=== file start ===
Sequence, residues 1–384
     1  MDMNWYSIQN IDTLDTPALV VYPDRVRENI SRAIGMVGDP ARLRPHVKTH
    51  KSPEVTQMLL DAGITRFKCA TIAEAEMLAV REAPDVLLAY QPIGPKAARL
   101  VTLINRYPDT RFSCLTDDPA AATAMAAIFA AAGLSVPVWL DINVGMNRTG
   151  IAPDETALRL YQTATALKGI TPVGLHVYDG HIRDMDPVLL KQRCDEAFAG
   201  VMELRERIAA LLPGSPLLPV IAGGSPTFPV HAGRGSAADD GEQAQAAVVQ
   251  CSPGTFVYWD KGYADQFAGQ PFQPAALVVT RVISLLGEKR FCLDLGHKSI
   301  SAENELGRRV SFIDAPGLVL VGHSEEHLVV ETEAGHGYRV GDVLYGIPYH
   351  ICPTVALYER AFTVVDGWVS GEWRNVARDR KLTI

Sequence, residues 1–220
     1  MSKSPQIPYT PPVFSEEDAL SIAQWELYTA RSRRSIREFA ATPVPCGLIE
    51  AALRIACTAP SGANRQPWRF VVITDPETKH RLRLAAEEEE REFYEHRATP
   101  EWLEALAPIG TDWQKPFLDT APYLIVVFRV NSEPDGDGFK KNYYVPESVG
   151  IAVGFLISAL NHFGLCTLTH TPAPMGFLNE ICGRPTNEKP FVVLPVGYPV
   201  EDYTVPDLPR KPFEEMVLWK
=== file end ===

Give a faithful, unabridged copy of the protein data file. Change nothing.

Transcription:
Sequence, residues 1–384
     1  MDMNWYSIQN IDTLDTPALV VYPDRVRENI SRAIGMVGDP ARLRPHVKTH
    51  KSPEVTQMLL DAGITRFKCA TIAEAEMLAV REAPDVLLAY QPIGPKAARL
   101  VTLINRYPDT RFSCLTDDPA AATAMAAIFA AAGLSVPVWL DINVGMNRTG
   151  IAPDETALRL YQTATALKGI TPVGLHVYDG HIRDMDPVLL KQRCDEAFAG
   201  VMELRERIAA LLPGSPLLPV IAGGSPTFPV HAGRGSAADD GEQAQAAVVQ
   251  CSPGTFVYWD KGYADQFAGQ PFQPAALVVT RVISLLGEKR FCLDLGHKSI
   301  SAENELGRRV SFIDAPGLVL VGHSEEHLVV ETEAGHGYRV GDVLYGIPYH
   351  ICPTVALYER AFTVVDGWVS GEWRNVARDR KLTI

Sequence, residues 1–220
     1  MSKSPQIPYT PPVFSEEDAL SIAQWELYTA RSRRSIREFA ATPVPCGLIE
    51  AALRIACTAP SGANRQPWRF VVITDPETKH RLRLAAEEEE REFYEHRATP
   101  EWLEALAPIG TDWQKPFLDT APYLIVVFRV NSEPDGDGFK KNYYVPESVG
   151  IAVGFLISAL NHFGLCTLTH TPAPMGFLNE ICGRPTNEKP FVVLPVGYPV
   201  EDYTVPDLPR KPFEEMVLWK